DNA viruses

Epidemiology, pathogenesis and prevention

The infectious disease burden of immunocompromised (transplantation) patients is mainly caused by reduced host immunity against persistent or de novo infections with DNA-viruses. Our research is focused on elucidating pathogenic mechanisms and host-interactions of these viruses, identifying patients at risk, improving molecular and serological detection techniques and evaluating the usefulness of antiviral treatment. Altogether, we aim for improved control and prevention of these viral infections, and better health care for those hit.
The focus is specifically on human papillomaviruses (HPV), human polyomaviruses (HPyV), cytomegalovirus (CMV) and parvoviruses (B19) that cause various diseases in immunosuppressed patients (for example BKPyV-induced nephropathy in kidney transplantation patients) and in unborn babies (congenital CMV and B19 infection). For these infections we investigate the disease burden in selected populations, determine (the lack of) specific immunity and develop dedicated molecular and serological techniques, to assess patients at risk and predict infection outcome. For HPyV and CMV also specific molecular and immunological properties are studied, to explain the epidemiology and pathogenicity of these viruses and provide leads for new preventive strategies.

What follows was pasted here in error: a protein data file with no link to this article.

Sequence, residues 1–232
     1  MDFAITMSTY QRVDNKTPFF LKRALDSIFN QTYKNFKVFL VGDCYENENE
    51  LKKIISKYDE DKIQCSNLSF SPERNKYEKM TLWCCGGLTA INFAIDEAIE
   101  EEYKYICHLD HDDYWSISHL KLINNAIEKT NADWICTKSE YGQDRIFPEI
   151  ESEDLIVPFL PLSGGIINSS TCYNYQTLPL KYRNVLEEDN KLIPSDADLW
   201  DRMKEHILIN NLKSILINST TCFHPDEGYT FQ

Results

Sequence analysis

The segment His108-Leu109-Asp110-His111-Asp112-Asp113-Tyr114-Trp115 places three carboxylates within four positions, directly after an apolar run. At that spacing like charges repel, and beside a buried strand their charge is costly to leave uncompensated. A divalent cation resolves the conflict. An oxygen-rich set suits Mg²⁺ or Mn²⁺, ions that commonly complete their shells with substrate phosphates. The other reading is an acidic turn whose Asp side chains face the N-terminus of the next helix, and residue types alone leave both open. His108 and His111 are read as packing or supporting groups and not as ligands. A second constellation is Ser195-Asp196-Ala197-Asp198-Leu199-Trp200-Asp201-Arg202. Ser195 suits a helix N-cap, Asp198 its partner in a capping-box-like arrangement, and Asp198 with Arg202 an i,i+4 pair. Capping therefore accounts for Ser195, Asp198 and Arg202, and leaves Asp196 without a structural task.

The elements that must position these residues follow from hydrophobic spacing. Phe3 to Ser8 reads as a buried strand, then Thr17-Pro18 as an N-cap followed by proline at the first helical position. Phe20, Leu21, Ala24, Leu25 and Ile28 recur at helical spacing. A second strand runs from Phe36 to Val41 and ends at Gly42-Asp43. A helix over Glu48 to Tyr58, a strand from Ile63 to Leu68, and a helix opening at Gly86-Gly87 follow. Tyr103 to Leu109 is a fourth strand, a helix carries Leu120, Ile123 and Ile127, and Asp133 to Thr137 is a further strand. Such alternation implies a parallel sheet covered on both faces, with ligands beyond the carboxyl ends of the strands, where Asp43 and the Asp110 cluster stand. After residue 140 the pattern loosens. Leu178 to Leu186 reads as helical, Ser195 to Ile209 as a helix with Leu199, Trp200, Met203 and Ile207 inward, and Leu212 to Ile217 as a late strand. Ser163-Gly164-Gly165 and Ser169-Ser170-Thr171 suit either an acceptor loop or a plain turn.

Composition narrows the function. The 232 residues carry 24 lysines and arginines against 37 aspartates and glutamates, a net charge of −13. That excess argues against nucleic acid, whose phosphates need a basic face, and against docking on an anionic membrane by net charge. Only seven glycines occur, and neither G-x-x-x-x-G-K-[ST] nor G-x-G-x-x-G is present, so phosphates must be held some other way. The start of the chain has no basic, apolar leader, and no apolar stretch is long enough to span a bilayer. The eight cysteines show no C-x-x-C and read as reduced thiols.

Research lines

Discovery, epidemiology, disease association and pathogenicity of human polyomaviruses and papillomaviruses) (Mariet Feltkamp)
Congenital infection (herpesvirus/parvovirus): Virus-host interaction, antiviral treatment, disease burden and prevention (Vossen)

Viruses currently studied

  • Human polyomaviruses, including BKPyV, JCPyV, MCPyV and TSPyV
  • Human betapapillomaviruses, including HPV5 and HPV8
  • Human Herpesviruses, including HSV, CMV, VZV
  • Parvovirus B19

Team, Funding, Patents, PhD theses

naar boven